Static Site Generators for Documentation

Jessica Parsons

@verythorough

 

slides.com/verythorough/ssg-docs-mini

About Me

Documentation Engineer

Netlify
Girl Develop It

Instructor

Girl Develop It

Local Co-organizer

What we'll cover

  • How we got here
     
  • How static site generators work, and why they're useful
     
  • How to choose a site generator
     
  • How to make your own generated site
     
  • How to keep learning after today

A Little History

Web pages as files

Simple Static Sites

request "cats.html"

Web pages as files

Simple Static Sites

  • Pros: pretty fast & secure, very simple
  • Cons: repetitive to build

Web pages as files

Simple Static Sites

Templates & Databases

Let the computer do the work

request "cats.php"

get template

query database

fill content

Templates & Databases

Let the computer do the work

  • Pros: quicker to build and change
  • Cons: slower, less secure, more complex

Templates & Databases

Let the computer do the work

Single-Page Apps (SPAs)

The browser as app server

  • Pros: less time between pages
  • Cons: slow first load; more work for client

Static Site Generators to the Rescue!

Static Site Generators

Automating in advance

(or database)

Static Site Generators

Automating in advance

Static Site Generators

Web pages are files again

request "cats.html"

Static Site Generators

The best of both worlds

(in many cases)

Pros:

  • fast, secure, scalable on CDN
  • computer still does the repetitive work
  • can add JavaScript for between-page loads

Cons:

  • ecosystem not as mature (yet), so can require more coding

Weighing

the Options

Primary Considerations

  • Preferred languages/tools of the site developer
  • Ease of use
    • Availability/quality of docs
    • Language/template complexity
  • Content features
    • built-in language features
    • versioning
    • internationalization
  • Speed
    • to develop
    • to build
    • to load
Jekyll
  • 10 years old! Lots of users, examples, content
  • Built with Ruby
  • Liquid templating: fairly easy to read
  • Markdown content: well known, but limited
  • Configuration and data files in yaml: easy to read, but whitespace sensitive
  • Made for blogs, but can be used for docs and more
  • Builds can be slow for large sites
  • Runs out of the box in GitHub Pages (no plugins)
  • Dedicated #jekyll channel in Write the Docs Slack
Sphinx
  • Even older than Jekyll (by a few months)
  • Focused on docs: more niche (less content), but popular
  • Built with Python: integrate with Python code comments
  • Jinja templating: fairly similar to Liquid
  • Content in reStructuredText: very powerful, less known
    (also supports Markdown)
  • Built-in versioning
  • Multiple output formats, including PDF, LaTeX, ePub
  • Runs out of the box on Read the Docs
  • Dedicated #sphinx channel in Write the Docs Slack
  • Few years old; very active development
  • Built with Go, but doesn't require Go to run (portability!)
  • Go template language: steeper learning curve
  • Content in Markdown, plus shortcodes
  • General purpose, but docs themes exist
  • Flexible and extendable, but complex
  • Docs are extensive, but can be hard to read
  • Dynamic menus and tables of contents
  • Reputation for very fast builds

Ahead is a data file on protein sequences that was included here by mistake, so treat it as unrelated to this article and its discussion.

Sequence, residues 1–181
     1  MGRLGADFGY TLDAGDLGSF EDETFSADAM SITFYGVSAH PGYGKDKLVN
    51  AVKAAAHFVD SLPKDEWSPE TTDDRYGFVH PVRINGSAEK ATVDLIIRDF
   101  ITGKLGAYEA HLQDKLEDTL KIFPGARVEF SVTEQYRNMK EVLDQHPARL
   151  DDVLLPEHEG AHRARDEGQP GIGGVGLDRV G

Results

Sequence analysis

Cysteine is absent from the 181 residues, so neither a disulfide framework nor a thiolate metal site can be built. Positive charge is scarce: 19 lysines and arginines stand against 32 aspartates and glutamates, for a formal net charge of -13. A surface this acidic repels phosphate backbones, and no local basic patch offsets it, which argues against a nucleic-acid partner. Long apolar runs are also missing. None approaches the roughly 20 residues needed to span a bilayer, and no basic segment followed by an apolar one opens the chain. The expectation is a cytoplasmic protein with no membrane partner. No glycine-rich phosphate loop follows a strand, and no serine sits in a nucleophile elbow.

• Active support forum
  • Dedicated #hugo channel in Write the Docs Slack
Hugo
  • Few years old; very active (venture-funded) development
  • General purpose, but becoming popular for docs
  • Built with JavaScript (React framework): very popular
  • React component templating: steeper learning curve unless you're familiar with JavaScript/React
  • Content in Markdown or mdx (powerful but JS-heavy)
  • Static/SPA hybrid structure is fast to load
  • Lots of plugins for customization (but still code-heavy)
  • Discord server for community chat and support
Gatsby
  • Fairly new; built by Facebook
  • Made for docs: simple built-in theme with menus, versioning, internationalization, and search
  • Docs are short, but product is fairly simple
  • Content in Markdown
  • Also built with JavaScript/React, with same benefits and caveats as Gatsby
    • React component templating
    • Fast-loading static/SPA hybrid structure
  • Newest of all (< 1 yr)
  • Made for docs: simple built-in theme with menus, versioning, internationalization, and search
  • Built with Vue, another JavaScript framework that's gaining popularity
  • Content in Markdown with docs-focused extensions, plus ability to use Vue in Markdown
  • Built-in "last updated" functionality
  • Similar benefits & challenges to other JS-based generators

And so many more...

Let's build a site!

Deploy to Netlify

Clicking this 👆 button will automatically:

  1. Connect your GitHub account to Netlify.
  2. Clone my sample repo to your GitHub account.
  3. Set your Netlify build settings and start building your site.

More to Explore

Questions?

Find me on Twitter or in Slack
@verythorough

Thank you!

slides.com/verythorough/ssg-docs-mini

Mini-Workshop: Static Site Generators for Documentation

By Jessica Parsons

Mini-Workshop: Static Site Generators for Documentation

Static Site Generators have become increasingly popular for publishing documentation in a docs-as-code workflow, as evidenced by many projects and products like Docker, Kubernetes, React, MongoDB, Twitch, 1Password, and the U.S. Web Design System. In this mini-workshop, you’ll get an introduction to the static site generator landscape, and apply what you learn by publishing your own site in class. Presented at Write the Docs Australia 2018: https://youtu.be/2RCqk-nEn90

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